Reagan administration proposals for a "market-oriented" 1985 farm bill will include a plan to end the government's controversial tobacco program, a move that has stirred tobacco-state legislators into a frenzy of opposition.

Two of the administration's most loyal allies on Capitol Hill, Senate Agriculture Committee Chairman Jesse Helms (R-N.C.) and Rep. Larry J. Hopkins (R-Ky.), conservatives from major tobacco states, have put Agriculture Secretary John R. Block on notice that the proposal is as good as dead.

"The trenches have been dug . . . if they persist in this, then it's war," said Hopkins, warning that the assault on tobacco could endanger the administration's chances of getting its way on other farm-program changes.

The tobacco program is a minor item in the budget but a major source of controversy. Tobacco is central to the economy of several states, but critics, who have been gaining ground in Congress, say the government has no business supporting a commodity harmful to health.

The unprecedented administration blitz on the tobacco program could have political consequences. Two tobacco-belt conservative senators, John P. East (R-N.C.) and Mack Mattingly (R-Ga.), and many tobacco-state allies of President Reagan in the House face reelection next year.

The new legislation, which may go to Congress by the end of the week, seeks cuts in all the basic farm price support programs in an effort to reduce snowballing costs and make U.S. agriculture more competitive worldwide.

Block said at a briefing yesterday that, although the administration plans to cut direct subsidy payments and support loan levels, which set a floor under basic farm prices, these changes must accompany a farm bill that he said would help farmers get better prices and regain their competitive edge.

Even before the bill goes to the Hill, it has come under heavy fire by farm organizations, commodity groups and legislators, liberals and conservatives alike, who contend that the proposed changes would come at the worst time, with many farmers caught in a credit crisis that threatens to bankrupt thousands in the next few months.

The tobacco proposal appears to have brought unity to sometimes-warring political factions that joined in 1982 to persuade Congress to create a tobacco program to be financed by farmers, with no further cost to the federal government.

Rep. Charlie Rose (D-N.C.), one of the key figures in working out that plan, described the administration's proposed abolition of the program as "ridiculous" and "a disaster to family farming in the Southeast."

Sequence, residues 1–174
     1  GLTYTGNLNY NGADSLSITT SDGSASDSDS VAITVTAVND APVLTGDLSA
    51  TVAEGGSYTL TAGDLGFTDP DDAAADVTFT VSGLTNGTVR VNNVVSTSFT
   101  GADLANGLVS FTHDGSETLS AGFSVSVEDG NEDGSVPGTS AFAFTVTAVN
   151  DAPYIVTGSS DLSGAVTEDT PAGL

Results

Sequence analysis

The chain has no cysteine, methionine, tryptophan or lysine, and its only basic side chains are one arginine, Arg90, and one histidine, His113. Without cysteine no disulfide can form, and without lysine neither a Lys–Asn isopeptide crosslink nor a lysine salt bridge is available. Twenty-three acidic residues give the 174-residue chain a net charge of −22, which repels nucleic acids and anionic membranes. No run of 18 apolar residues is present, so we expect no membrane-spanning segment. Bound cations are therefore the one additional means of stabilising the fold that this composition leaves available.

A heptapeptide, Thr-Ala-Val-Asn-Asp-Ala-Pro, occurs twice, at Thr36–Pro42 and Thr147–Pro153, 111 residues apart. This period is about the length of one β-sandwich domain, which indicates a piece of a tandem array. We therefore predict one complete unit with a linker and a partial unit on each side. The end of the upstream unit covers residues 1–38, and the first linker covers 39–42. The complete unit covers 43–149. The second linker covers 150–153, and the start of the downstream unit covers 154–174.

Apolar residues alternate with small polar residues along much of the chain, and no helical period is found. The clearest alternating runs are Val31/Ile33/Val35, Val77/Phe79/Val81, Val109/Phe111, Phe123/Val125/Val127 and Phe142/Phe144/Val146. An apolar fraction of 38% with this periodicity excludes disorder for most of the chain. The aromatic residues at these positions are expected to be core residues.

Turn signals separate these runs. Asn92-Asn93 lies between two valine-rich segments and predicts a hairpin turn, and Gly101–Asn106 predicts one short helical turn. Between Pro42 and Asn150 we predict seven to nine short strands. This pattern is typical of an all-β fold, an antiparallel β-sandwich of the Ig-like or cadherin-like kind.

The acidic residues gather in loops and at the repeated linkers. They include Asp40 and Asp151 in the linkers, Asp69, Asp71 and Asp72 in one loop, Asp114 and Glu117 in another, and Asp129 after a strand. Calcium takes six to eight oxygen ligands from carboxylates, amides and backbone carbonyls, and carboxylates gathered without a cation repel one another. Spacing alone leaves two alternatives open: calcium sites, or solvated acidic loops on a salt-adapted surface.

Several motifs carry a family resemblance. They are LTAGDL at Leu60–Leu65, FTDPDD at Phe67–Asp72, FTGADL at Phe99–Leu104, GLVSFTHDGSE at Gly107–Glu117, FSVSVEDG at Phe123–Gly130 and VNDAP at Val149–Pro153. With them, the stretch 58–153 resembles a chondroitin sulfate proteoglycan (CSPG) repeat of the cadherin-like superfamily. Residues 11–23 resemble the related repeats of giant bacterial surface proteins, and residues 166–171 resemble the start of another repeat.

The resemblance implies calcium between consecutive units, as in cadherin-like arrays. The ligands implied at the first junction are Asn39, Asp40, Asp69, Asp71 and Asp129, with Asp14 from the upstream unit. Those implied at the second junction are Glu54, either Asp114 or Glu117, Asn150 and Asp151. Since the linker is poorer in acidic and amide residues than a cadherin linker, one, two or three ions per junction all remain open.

"Frankly, it astounded us," said an aide to Helms, who, according to some reports, had no warning that the administration planned to torpedo the program Helms has defended vigorously. Campaigning for reelection last year, Helms promised North Carolina residents he would remain as chairman of Agriculture to protect the tobacco program, and later turned down the chairmanship of the Senate Foreign Relations Committee to do so.

Hopkins put it this way yesterday: "If Secretary Block continues to insist that tobacco kneel down and die at the altar of program consistency, then he is destined to become the Jim Jones cult figure of American agriculture."

Hopkins warned that, if the program is killed, farmers will walk away from their obligation to pay for surplus tobacco that has gone into warehouses and the federal government will incur losses of more than $1 billion.

Eight of Kentucky's nine members of Congress met yesterday and agreed to oppose the administration's farm bill. "The present allotment system is non-negotiable," the delegation said in a statement.

Reagan's proposal would end the system of acreage allotments and poundage quotas used to regulate the amount of flue-cured and burley tobacco grown and marketed. Critics charge that the allotments, many of which are owned by nonfarmers, have driven up the price of U.S. tobacco and opened the gates to a flood of cheap imports.

Hopkins said the allotment system is vital. "The administration plan will turn working farmers into welfare recipients," he said. "It will devastate the tobacco economy of my state. You're talking about making President Reagan the Herbert Hoover of my time. I'm convinced he doesn't know what they're doing in his name."

George S. Dunlop, Helms' chief agricultural adviser, said Helms has told the administration "in no uncertain terms that tobacco will not be in a new farm bill. We'll do whatever is necessary to keep it out."